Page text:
The quiet vibe is curated by a first-class bartender who will remain mostly silent unless spoken to. Any question about a liquour might get him started on old tales about its origin.
Expect to pay at least 1,000 yen for your cocktail, and expect that cocktail to be extremely delicious and refreshing. As always, asking the bartender for a recommendation is a safe bet. It’s probably the closest to Ginza-style that one can find in Machida.
Bar La Sala
La Sala is run by the previous bartender of Quadrifogglio. In fact, as far as I understand, La Sala’s bartender is Quadrifogglio’s bartender’s senior. La Sala is a cozy, tiny (TINY) bar with four chairs and a minimalistic but great setup. Black walls, all darkness except for a smart, very bright and narrow white light placed above the counter made me feel like I was drinking on the Ikarie XB-1 spaceship.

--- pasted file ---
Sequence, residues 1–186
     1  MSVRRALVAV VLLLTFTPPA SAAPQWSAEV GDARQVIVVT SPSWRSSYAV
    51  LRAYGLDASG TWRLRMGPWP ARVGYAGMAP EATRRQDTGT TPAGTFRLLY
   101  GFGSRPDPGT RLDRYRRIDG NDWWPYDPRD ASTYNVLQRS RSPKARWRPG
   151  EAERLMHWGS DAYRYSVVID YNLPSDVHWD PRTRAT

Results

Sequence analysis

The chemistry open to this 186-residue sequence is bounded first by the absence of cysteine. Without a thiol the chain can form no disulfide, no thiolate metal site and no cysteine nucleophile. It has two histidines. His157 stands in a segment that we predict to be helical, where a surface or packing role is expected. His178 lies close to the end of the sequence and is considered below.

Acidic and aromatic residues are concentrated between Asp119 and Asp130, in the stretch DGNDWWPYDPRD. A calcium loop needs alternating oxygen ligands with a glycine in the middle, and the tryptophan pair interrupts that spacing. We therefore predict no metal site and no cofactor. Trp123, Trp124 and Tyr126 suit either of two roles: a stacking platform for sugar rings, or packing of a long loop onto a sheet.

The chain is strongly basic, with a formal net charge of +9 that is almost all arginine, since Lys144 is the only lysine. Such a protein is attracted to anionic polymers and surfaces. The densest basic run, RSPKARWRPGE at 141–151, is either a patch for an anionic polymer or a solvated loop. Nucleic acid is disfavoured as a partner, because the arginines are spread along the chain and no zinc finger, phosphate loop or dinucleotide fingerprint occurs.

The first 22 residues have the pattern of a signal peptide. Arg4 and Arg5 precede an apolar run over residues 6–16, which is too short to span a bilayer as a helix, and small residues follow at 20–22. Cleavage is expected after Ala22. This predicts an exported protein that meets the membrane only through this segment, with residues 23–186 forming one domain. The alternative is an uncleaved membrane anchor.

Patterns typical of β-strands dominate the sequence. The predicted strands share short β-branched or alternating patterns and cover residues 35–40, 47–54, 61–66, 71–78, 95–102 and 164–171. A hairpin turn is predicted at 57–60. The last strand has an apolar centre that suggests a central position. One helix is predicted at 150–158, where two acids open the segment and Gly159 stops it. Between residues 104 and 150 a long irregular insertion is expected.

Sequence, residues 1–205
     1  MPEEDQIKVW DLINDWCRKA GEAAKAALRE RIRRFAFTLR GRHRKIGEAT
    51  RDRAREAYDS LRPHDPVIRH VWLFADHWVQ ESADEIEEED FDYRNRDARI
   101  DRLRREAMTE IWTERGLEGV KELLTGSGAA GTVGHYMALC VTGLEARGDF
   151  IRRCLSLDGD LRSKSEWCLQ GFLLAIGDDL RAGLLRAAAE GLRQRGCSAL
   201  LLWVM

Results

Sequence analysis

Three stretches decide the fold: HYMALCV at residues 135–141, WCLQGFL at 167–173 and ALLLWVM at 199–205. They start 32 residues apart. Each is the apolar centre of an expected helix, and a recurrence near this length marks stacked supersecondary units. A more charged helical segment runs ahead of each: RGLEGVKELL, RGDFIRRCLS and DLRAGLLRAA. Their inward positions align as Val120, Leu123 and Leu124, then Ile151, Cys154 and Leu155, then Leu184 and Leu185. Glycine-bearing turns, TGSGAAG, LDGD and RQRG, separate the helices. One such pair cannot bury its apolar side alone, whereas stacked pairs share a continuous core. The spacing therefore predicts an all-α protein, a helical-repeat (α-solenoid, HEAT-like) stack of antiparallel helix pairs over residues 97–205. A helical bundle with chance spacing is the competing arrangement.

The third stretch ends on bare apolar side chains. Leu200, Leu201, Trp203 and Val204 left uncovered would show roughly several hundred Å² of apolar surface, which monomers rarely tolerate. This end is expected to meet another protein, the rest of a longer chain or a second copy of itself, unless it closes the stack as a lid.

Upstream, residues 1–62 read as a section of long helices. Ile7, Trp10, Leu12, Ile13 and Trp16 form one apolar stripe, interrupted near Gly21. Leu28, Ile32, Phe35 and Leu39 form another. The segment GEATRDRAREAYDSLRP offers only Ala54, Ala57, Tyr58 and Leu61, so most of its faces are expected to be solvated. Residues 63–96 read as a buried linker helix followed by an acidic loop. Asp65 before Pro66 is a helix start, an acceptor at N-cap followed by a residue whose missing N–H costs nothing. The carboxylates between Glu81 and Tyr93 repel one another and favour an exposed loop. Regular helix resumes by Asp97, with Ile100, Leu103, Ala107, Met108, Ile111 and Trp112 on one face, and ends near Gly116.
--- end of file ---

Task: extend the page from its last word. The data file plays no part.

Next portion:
The bartender is a quiet, handsome middle-aged man in immaculate clothes. He makes sure to have the best, sometimes rare, fruits every season, and improvises exquisite cocktails upon request. He sometimes loses himself in flashes of excited talk to the point that the words get lost for Japanese audiences too, but maybe that’s part of the job. All in all, the quintessential Japanese modern cocktail bar to go for a minute of intimacy away from the busy street.
Bar El Acuario
Another very quiet right in the center of Haramachida is El Acuario (“the aquarium”). Usually empty during weekdays, what I like about this bar is the physical setup.
El Acuario is hidden in a 6th floor of a non-descript building close to the shopping malls.
There aren’t many bars on high floors in Machida with windows, so I usually find myself here for the views. These views are not award-winning; they are just the rooftops of the nearby simple, rather ugly buildings.